What is robotic-assisted surgery, and how does it work?


What is robotic-assisted surgery, and how does it work?

At home, we are using technology in ways that would have been the stuff of science fiction movies only decades ago.
Similarly, health care providers are also using technology in myriad ways to care for patients, improve health outcomes and reduce recovery times. One area experiencing significant growth is the use of robotic-assisted surgery, which allows surgeons to perform complex and delicate procedures through small incisions in your body using miniaturized instruments. At Tidelands Health, patients can stay close to home and benefit from this advanced surgical technique.
“In the past, patients have either had to have a big, open operation with a longer recovery times, or we’ve had to send them to another institution to receive these new, revolutionary techniques,” says Dr. Jack Johnston, a general surgeon at Tidelands Health Surgical Specialists at The Market Common and Murrells Inlet. “Now, we’re able to offer this approach to our patients using the gold standard of robotic-assisted surgery systems.”

A brief history of robotic surgery

It may seem like a novel concept, but robotic-assisted surgery is not new to the medical world. The first documented use was a neurosurgical biopsy that paved the way for additional minimally invasive surgeries using the technique. And in 1989, a veterinarian and an engineer joined forces to create technology that offered the ability to perform more precise hip replacements.

In the early 1990s, the U.S. Army developed a robotic surgical system designed to decrease battlefield casualties. That system eventually became used in civilian applications and served as the basis for surgical robotic systems now used in operating rooms around the world.
Indeed, the number of robotic-assisted surgeries has increased in recent years and continues to rise. According to a study published in JAMA Network Open, the number of robotic-assisted surgeries in the U.S. increased from about 2 percent in 2012 to about 15 percent in 2018.

How robotic-assisted surgery works

While the name suggests a robot is performing the procedure, the surgeon remains in control at all times. Surgeons use the robotic system to better visualize the surgical site and perform delicate procedures that would be difficult with other techniques. The surgeon manipulates the machine’s instruments, directing the robot what to do. During robotic-assisted surgery, the surgeon:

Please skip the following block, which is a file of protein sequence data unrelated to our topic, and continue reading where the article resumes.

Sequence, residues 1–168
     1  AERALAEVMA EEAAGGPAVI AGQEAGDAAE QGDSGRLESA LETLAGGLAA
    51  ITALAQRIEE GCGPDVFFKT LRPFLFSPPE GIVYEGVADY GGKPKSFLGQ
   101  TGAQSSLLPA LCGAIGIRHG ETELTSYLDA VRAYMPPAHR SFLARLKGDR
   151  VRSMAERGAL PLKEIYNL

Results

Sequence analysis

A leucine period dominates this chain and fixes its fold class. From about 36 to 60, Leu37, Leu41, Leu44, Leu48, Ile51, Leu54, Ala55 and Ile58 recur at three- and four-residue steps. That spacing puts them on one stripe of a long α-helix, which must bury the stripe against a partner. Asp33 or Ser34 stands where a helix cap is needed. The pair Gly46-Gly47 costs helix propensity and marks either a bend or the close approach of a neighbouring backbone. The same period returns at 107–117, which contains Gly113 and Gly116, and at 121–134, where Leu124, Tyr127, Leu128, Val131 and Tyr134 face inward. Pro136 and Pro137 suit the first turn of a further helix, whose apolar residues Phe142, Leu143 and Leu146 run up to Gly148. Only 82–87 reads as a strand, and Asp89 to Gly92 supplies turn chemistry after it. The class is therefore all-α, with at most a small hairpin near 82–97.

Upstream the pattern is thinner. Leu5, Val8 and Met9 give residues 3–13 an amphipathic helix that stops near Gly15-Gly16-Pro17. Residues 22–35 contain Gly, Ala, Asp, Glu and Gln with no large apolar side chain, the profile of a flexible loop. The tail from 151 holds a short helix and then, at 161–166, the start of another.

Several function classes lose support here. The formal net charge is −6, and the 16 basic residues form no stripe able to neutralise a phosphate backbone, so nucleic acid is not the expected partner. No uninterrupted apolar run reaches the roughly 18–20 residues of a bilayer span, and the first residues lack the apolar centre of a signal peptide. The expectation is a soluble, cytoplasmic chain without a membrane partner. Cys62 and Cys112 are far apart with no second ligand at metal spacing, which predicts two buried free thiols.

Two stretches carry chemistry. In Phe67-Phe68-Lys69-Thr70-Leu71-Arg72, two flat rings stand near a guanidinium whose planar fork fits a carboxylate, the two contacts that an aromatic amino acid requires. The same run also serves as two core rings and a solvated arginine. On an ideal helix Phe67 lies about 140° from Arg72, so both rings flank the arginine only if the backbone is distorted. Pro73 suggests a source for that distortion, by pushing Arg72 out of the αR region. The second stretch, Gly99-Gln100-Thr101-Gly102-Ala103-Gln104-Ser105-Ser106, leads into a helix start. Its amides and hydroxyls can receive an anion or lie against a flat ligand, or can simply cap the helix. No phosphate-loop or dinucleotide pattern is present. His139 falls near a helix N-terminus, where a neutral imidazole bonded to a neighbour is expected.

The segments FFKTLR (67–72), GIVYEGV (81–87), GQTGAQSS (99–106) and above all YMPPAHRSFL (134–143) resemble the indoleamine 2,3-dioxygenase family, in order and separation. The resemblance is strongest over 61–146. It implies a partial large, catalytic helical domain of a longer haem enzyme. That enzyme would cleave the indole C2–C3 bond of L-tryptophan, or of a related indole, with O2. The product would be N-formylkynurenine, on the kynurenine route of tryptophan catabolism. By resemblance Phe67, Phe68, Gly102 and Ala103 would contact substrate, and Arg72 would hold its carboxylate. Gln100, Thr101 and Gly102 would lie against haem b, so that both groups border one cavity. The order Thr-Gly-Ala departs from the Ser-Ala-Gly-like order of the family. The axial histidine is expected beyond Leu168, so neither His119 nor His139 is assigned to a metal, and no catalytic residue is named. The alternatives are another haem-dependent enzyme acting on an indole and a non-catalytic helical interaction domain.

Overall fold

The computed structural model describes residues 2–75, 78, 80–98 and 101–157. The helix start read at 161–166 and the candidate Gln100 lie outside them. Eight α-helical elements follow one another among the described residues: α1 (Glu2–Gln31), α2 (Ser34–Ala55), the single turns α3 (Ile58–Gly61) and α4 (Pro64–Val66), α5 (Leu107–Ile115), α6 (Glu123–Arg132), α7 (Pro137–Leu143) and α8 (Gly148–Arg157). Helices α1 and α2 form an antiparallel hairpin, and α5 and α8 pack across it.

1. Makes tiny incisions in the body
  2. Inserts miniature laparoscopic instruments and a tiny but powerful camera through the incisions
  3. Sits at a computer console to perform the procedure. The console provides 10-times magnification of the surgery in progress
  4. Manipulates the robotic instruments while sitting at the console. The instruments translate the surgeon’s movements into precise, real-time movements inside the body.
  5. Closes the incisions with sutures

“Every movement that we do is translated to the robot,” Dr. Johnston says. “It’s three times more precise than a human being can be. It takes the best surgeon in the world and makes them three times more precise.”

Benefits of robotic-assisted surgery

Robotic-assisted surgery offers multiple benefits for patients. When compared to conventional surgery, robotic-assisted surgery can result in:

  • Less pain and need for post-operative pain medications
  • Decreased blood loss
  • Faster recoveries
  • Smaller, less prominent scars

Additionally, Dr. Johnston says robotic-assisted surgery offers surgeons better visual acuity and provides the ability to tackle tough cases without having to resort to traditional, open surgery.
“Robotic surgery gives you the ability to perform the tougher cases that you may not know are going to be tough until you’re in there,” he says. “You can more easily complete those cases without having to convert to a surgery that results in much bigger incisions and lengthier recoveries.”
Dr. Johnston also says robotic surgeries decrease the risk of intra-operative injuries when compared to laparoscopic procedures.
“The surgeries we can perform on the robot are pretty broad,” Dr. Johnston says. “Regardless of the procedure, robotic-assisted surgery allows patients to get back to work and their normal routines quicker and often with less pain.”


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